“I'm Johnny. I hack stuff. I've been at it for quite a while now, and I've picked up a few tricks along the way. I get asked about my tricks all the time, mostly by kids who saw that movie. You know the one. But I've always said no. I've held onto my secrets as part of the pact I made with the hacker underground. I mean, I'm allowed to give talks and presentations about hacking stuff, but the secrets... the real super-cool secrets I've had to keep to myself. The head of the underground said so. But I got this email the other day that says I'm THIS close to getting kicked out of the underground. Seems the glare of the public eye has been on me for far too long and I've become a liability. So, I'm going to be proactive. I'm going to quit before they can fire me.... The underground is gonna be sooo ticked off.”
Skip Arey, bernieS
It's Orwellian. We're so conditioned to believe we've little choice but to rely on government-regulated, corporate-owned voice/data networks designed to log our communications traffic and content. People can be held incommunicado by routine network failures, natural disasters, and by political actions- often when communications is needed most. But modern two-way radio can provide effective and reliable short-range and global voice/data communications at relatively little cost, and it can't be logged by conventional (CALEA) methods. This discussion will tune into the latest surprising developments in amateur (ham) radio, unlicensed spread-spectrum, and other two-way radio technologies and applications.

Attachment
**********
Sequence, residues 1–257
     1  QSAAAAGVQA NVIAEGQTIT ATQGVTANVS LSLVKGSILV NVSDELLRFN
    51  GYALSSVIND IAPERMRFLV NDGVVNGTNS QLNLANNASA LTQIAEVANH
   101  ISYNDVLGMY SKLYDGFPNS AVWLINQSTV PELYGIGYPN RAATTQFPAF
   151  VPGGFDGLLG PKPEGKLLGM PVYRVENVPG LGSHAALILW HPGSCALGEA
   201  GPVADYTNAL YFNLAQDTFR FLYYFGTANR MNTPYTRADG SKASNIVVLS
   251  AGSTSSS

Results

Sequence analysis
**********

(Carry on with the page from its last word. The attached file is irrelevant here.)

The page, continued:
In 2008 2600 is 24 years old, the computer bulletin board system is a 30 year relic, and a good number of attendees of HOPE were not born when some events of the "modern" era of computers and hacking began. Historian Jason Scott of textfiles.com presents a quick primer of a large part of the basics of hacking and phreaking history, touching on those sometimes obscure or hilarious subjects that may have escaped notice in a Web 2.0 world.
After a particularly horrible episode of airport theft, Deviant made the decision to never again travel by air with unlocked luggage. Because of this he now flies with firearms all the time. Federal law allows (in fact, it requires) passengers to lock firearm-bearing luggage with non-TSA-approved padlocks and does not permit any airport staffer to open such bags once they have left the owner's possession. In this talk, you will learn the relevant laws and policies concerning travel with weapons. It's easier than you think, often adds little to no extra time to your schedule (indeed, it can expedite the check-in process sometimes), and may actually be the best way to prevent tampering and theft of bags during air travel.
John "DaKahuna" Fulmer, Michael "theprez98" Schearer